The Society should therefore not set up as its absolutely first goal, that is, its principle of action, to seek to obtain canonical legitimacy that would supposedly remedy a lack of ecclesiality.[5] The question of the Society’s ecclesiality does not exist in reality. It only exists in the minds of some, who are not members or faithful of the Society in the Church, and who believe in good faith that the Society is “against the Pope” or “schismatic” or “not in full communion” or “not in a legitimate situation”. To express these things in the technical language of scholastic logic, we would say that the question does not arise of itself but accidentally. Some people make the mistake of believing that this question arises in reality and of itself; other make the diametrically opposite mistake of believing that it does not arise at all, not even in the minds of some and accidentally. The solution is to say that the question arises not in reality or of itself but in the minds of some and accidentally. This means that the Society does not need to have a guilt complex, or to suffer or make excuses for not being in the Church, (besides, “he who excuses himself, accuses himself”, as the French saying goes); it should rather maintain and assert that it is right and at the same time denounce the wrongs of the modernists; and it should do so in a pastoral and prudent way, taking into account the weakness of the ignorant, according the precept of the Apostle: “We that are stronger, ought to bear the infirmities of the weak, and not to please ourselves” (Rom. 15:1).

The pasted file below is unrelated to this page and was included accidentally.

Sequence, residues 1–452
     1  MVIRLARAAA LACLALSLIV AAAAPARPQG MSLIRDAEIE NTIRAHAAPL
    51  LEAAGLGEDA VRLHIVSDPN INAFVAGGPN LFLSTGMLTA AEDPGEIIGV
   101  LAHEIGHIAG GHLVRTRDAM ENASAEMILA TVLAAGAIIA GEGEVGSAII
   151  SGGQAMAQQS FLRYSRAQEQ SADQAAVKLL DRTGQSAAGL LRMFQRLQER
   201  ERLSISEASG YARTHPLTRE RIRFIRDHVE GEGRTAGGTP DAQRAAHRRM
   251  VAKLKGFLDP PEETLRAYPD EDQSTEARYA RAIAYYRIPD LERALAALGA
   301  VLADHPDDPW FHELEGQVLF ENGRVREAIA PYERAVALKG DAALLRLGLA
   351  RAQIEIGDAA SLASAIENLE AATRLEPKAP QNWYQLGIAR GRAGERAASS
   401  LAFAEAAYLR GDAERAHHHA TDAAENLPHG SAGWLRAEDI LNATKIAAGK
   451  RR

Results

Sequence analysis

The Society is perfectly legitimate and regular, for it is in the Church and of the Church, and that is absolutely certain and beyond doubt. Coming from the Rome of today, a canonical legitimation would add nothing, from this viewpoint, to the intrinsic goodness of the Society. It could only add a certain extrinsic goodness, to the extent that in the minds of many, it would put an end to a false and unjust opinion that is being encouraged to the detriment of the Society. The full importance of this should not be forgotten, but it is a different question, a secondary question in the eyes of the Society of St. Pius X’s founder. “What interests us first of all,” he used to say, “is to keep the Catholic Faith. That is our fight. So the canonical question that is purely exterior and public in the Church is secondary. What is important is that we remain in the Church… in the Church, that is to say, in the Catholic Faith of all times and in the true priesthood, and in the true Mass, and in the true sacraments, in the catechism of all times, with the Bible of all times. That is what interests us. That is what the Church is. Being recognized publicly is secondary. So we must not seek after what is secondary while losing that which is primary, that which is the first object of our fight.”[6] The full importance of this question, we repeat, must not be forgotten, and “secondary” does not mean “insignificant”; but to be answered fittingly, this significant question must remain in its proper place, that is, dependent upon the essential goal. And what we wish to do here is to show what the absolutely first goal of the Society is: the preservation of the Catholic priesthood, with as its necessary consequence the neutralization of all the harmful errors that are today causing its generalized corruption. Generalized corruption, for it is the corruption of the first principle of the Church, her hierarchical priesthood. These errors are serious in themselves, as are all errors, because they are a denial of divine truth; but they are even more harmful for the unprecedented reason that they are being spread to the entire Church by the hierarchy that has been won over to these errors and corrupted by them. Introduced with Vatican Council II into the ordinary preaching of the men of the Church, these errors have given birth to a new way of thinking and living that has progressively spread to all the members of the Church. The expression “conciliar Church” is meant to express this new situation as in a metaphorical ellipsis.[7]